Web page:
Aug 04, 2011 (Dow Jones Commodities News via Comtex) -- --Strike at Escondida now in its 14th day; mine is losing 3,000 metric tons copper a day
--Management hasn't sweetened production-bonus offer to end strike
--Union could vote on bonus offer later Tuesday
(Adds additional comments on the bonus offer, in the fifth, seventh and ninth paragraphs.)
DOW JONES NEWSWIRES
SANTIAGO (Dow Jones)--Striking unionized workers at the Escondida mine in northern Chile are reviewing management's bonus offer and mulling whether to accept it and put an end to the 14-day work stoppage, a union leader said Thursday.
Workers of the 2,375-strong union downed their tools on July 21 to protest what they deemed to be unmet contract terms, forcing Escondida, which accounts for 7% of annual global copper output, to lose an estimated 3,000 metric tons of the red metal a day.
Last Wednesday, the company declared a force majeure--a contract term that allows a company to temporarily halt its commitments due to an event beyond its control--on its copper-concentrate shipments because of the strike.
"The union is reviewing the company's latest offer. We haven't decided yet if we're going to put it to a vote," union director Luis Valdes said, without specifying the new offer's terms.
According to an internal Escondida document, the offer is the same one management made last week, which totals a gross 2.6 million pesos ($5,640). The sole union at the mine has been seeking a CLP4 million bonus because of sky-high international copper prices.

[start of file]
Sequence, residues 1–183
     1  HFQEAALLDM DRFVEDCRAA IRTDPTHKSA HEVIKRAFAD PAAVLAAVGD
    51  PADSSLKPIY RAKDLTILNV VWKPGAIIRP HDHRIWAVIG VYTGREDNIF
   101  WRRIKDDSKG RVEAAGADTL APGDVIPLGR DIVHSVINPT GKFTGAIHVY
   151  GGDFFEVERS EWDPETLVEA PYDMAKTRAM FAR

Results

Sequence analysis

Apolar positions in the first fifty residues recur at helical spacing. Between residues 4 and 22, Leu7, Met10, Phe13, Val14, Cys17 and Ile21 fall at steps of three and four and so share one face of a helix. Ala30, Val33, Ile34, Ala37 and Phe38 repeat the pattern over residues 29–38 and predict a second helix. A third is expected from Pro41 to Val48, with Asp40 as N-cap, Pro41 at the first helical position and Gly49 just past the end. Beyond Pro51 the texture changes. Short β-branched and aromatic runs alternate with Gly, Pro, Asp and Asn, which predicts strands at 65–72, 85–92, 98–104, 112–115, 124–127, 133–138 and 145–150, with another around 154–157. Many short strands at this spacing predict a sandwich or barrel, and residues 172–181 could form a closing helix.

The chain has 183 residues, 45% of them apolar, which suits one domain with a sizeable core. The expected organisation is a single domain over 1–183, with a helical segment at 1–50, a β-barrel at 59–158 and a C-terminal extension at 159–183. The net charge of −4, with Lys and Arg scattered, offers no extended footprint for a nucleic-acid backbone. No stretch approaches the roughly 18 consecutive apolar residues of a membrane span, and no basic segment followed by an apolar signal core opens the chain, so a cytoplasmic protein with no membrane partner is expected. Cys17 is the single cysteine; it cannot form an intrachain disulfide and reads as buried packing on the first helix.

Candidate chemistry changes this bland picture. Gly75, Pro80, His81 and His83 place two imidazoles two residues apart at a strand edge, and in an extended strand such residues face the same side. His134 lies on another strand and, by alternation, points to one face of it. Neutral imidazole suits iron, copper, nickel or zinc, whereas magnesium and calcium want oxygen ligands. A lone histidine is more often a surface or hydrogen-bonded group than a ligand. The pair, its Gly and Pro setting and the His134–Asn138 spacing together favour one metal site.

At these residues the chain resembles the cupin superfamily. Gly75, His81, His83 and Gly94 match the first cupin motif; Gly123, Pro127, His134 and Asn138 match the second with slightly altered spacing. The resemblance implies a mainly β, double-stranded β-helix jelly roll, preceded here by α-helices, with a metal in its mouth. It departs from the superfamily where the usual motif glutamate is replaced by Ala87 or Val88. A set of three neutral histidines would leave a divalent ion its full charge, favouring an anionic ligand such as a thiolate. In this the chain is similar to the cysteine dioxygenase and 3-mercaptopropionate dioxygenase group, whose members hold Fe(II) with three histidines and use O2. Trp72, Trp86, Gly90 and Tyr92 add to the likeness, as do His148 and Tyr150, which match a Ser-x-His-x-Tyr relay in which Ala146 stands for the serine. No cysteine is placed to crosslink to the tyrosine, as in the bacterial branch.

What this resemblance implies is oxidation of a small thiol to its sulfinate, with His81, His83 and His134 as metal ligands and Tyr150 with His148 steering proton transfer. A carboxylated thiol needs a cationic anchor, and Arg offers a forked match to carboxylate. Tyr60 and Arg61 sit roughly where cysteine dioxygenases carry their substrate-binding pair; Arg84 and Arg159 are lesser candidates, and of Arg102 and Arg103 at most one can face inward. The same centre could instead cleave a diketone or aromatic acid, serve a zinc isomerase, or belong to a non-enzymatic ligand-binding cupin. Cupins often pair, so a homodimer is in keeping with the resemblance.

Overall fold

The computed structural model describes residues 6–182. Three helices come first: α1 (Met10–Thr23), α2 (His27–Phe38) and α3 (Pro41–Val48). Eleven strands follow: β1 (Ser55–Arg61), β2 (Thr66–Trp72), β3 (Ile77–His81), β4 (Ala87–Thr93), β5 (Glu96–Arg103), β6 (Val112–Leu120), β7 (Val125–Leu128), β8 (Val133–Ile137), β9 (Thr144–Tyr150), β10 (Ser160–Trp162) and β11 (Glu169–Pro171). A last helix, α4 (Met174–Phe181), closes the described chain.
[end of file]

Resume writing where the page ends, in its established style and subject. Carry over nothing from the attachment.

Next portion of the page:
The union will hold a general assembly later Thursday to inform workers of the offer and possibly put it to a vote, the union's website said.
Copper-market participants in Chile are paying close attention to the Escondida strike to see if it will set a precedent regarding negotiations.
Chile is the world's largest copper producer, accounting for one-third of global supply.
The company, in its internal statement, said it is "its duty to take the necessary measures to resume operations and guarantee the right to work." This could include firing strikers.
According to Chilean labor laws, mine strikes are legal only when regulated contract negotiations fall through.
A regional government labor office recently ruled the strike illegal because there is no ongoing regulated collective-bargaining process.
Global diversified miner BHP Billiton Ltd. (BHP, BHP.AU) has a controlling 57.5% stake in Escondida and operates the mine, while Rio Tinto PLC (RIO, RIO.LN) holds another 30%. The remaining 12.5% is held by a Japanese consortium led by Mitsubishi Corp. (MSBHY, 8058.TO).
Escondida produced 1.09 million tons of copper in 2010.